Guests at Old Tioga Farm often ask if we’ve thought of running the business full time. Although we certainly have thought of it on occasion, I explain that we enjoy the part-time, seasonal nature of our business, and I also explain that I enjoy teaching Latin too much to give it up. This sometimes leads to a puzzled look — Latin? Do they still teach that? — and I gladly explain that Latin is alive and well.

As I’ve written before, our two very different lives — living on campus at the boarding school where I teach during the school year and living in the country, operating the restaurant and vegetable business during the summer — can in some ways be jarring and hard to reconcile. Going back and forth between such lives can be disorienting.

But in other important ways, my teaching of Latin and my work on the farm reinforce and support each other. Both represent a commitment to work that is timeless and essential. We of the past century have forgotten that Latin was at the heart of human experience for more than two thousand years, and that a great deal of the most important expressions of human thought were conceived and written in Latin. Teaching this language helps students reconnect to this long chain of our collective past. Only in the past hundred years have we as a culture broken this chain in favor of an education which has placed the acquisition of white collar vocation skills above the traditional educational aim of the acquisition of knowledge, thoughtfulness, and character. Ironically, the political institutions we so enjoy today would have been inconceivable to the founding fathers if not for their formative education in the Greek and Latin classics. As David McCollough recently explained:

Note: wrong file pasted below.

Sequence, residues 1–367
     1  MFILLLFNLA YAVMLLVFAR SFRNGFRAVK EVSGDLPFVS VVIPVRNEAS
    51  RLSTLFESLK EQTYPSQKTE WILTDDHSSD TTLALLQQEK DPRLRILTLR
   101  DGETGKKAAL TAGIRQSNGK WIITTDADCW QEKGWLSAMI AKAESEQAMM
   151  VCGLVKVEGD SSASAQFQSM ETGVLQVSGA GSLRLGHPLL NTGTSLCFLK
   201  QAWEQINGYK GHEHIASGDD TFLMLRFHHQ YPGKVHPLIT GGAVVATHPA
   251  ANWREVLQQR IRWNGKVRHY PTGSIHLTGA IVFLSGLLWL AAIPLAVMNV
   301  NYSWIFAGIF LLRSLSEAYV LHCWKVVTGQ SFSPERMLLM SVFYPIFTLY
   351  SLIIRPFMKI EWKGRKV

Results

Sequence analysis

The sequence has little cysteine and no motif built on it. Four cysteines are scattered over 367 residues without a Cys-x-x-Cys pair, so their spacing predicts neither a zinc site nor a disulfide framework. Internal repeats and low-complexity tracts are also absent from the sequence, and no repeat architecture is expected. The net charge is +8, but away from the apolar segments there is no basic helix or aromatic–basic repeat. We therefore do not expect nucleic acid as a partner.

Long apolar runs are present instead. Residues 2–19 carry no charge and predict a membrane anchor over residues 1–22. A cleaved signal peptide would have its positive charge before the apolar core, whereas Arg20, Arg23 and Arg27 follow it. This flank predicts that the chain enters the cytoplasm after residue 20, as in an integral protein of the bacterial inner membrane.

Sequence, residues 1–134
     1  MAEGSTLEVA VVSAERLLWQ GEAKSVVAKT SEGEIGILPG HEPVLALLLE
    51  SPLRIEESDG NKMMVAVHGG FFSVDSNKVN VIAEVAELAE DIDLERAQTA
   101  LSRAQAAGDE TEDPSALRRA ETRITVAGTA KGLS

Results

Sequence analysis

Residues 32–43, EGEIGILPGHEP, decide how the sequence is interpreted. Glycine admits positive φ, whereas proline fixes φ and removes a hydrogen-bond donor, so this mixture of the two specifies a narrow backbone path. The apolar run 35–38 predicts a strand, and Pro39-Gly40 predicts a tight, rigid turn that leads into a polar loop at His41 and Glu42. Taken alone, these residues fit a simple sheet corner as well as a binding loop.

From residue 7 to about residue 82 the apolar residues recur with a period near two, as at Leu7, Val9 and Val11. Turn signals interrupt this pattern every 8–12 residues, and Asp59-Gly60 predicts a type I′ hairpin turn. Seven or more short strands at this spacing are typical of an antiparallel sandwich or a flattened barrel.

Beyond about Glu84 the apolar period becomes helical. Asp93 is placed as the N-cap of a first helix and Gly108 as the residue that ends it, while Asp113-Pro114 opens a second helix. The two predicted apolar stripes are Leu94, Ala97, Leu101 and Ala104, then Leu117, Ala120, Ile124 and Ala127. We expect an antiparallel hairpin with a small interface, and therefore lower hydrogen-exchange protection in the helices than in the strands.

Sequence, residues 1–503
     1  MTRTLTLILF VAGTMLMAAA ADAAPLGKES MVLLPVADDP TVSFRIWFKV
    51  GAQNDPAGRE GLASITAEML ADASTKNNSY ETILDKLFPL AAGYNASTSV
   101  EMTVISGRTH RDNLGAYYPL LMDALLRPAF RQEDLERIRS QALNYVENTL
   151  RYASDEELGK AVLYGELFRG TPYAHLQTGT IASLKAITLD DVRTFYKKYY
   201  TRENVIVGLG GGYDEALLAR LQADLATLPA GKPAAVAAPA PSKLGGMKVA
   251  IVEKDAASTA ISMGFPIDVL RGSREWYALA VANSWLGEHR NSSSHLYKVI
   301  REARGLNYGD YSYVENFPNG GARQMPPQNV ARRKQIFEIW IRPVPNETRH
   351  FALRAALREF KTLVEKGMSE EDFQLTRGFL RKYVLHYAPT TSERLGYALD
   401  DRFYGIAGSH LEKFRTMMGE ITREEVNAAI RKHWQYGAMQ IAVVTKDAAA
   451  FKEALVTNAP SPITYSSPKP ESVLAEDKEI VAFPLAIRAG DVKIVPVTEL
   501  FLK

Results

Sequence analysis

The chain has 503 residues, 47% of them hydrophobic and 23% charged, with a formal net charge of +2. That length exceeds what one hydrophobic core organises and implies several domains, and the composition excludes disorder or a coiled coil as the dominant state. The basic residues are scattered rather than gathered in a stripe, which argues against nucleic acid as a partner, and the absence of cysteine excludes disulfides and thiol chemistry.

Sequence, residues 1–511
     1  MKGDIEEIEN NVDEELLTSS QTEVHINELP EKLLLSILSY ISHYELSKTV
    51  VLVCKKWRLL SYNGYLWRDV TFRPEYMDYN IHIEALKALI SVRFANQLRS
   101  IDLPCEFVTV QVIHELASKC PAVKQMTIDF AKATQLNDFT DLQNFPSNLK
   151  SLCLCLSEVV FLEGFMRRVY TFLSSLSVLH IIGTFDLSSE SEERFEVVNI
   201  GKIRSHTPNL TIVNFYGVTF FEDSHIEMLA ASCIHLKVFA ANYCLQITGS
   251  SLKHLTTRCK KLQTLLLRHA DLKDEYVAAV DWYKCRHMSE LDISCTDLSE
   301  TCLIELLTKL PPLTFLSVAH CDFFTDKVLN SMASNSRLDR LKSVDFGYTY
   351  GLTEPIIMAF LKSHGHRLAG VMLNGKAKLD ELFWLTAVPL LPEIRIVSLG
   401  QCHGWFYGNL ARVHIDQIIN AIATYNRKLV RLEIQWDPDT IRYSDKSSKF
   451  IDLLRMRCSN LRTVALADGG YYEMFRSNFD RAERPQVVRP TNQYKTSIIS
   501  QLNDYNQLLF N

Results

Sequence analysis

“Yes. One of the regrets of my life is that I did not study Latin. I’m absolutely convinced, the more I understand these eighteenth-century people, that it was that grounding in Greek and Latin that gave them their sense of the classic virtues: the classic ideals of honor, virtue, the good society, and their historic examples of what they could try to live up to.”

It’s perhaps no coincidence that a society which has given up the study of Latin and Ancient Rome is a society which has lost a sense of any “historical examples of what they could try to live up to.”

Perhaps most poignant of all for me is the connection between my love of farming and my love of Vergil, the most famous of Ancient Rome’s poets. Vergil was raised in northern Italy in the 1st century BC amidst a backdrop of civil war. Vergil’s love of the countryside is reflected in two of his major works: The Eclogues and The Georgics. The former is a series of short pastoral poems while the latter is a practical treatise and philosophical reflection on farming. Even in his most famous work, The Aeneid, a work largely of strife and warfare, Vergil’s love of the rural life manifests itself in his choice of simile and metaphor.

A hundred years ago, one living in our farmhouse could walk a mile to the closest one-room school house and study Latin. Today, one must drive thirty miles to the private school where I teach. To many, this shift is an insignificant one. But I would argue that it is reflective of a deep confusion about what sorts of things are most worthy of study. Is it a coincidence that the century which saw an exodus from the study of Latin is the same cenury which saw an exodus from the study and practice of farming?

— Justin

Note: A wonderful commentary on this subject can be found in David Grene’s memoir, Of Farming and Classics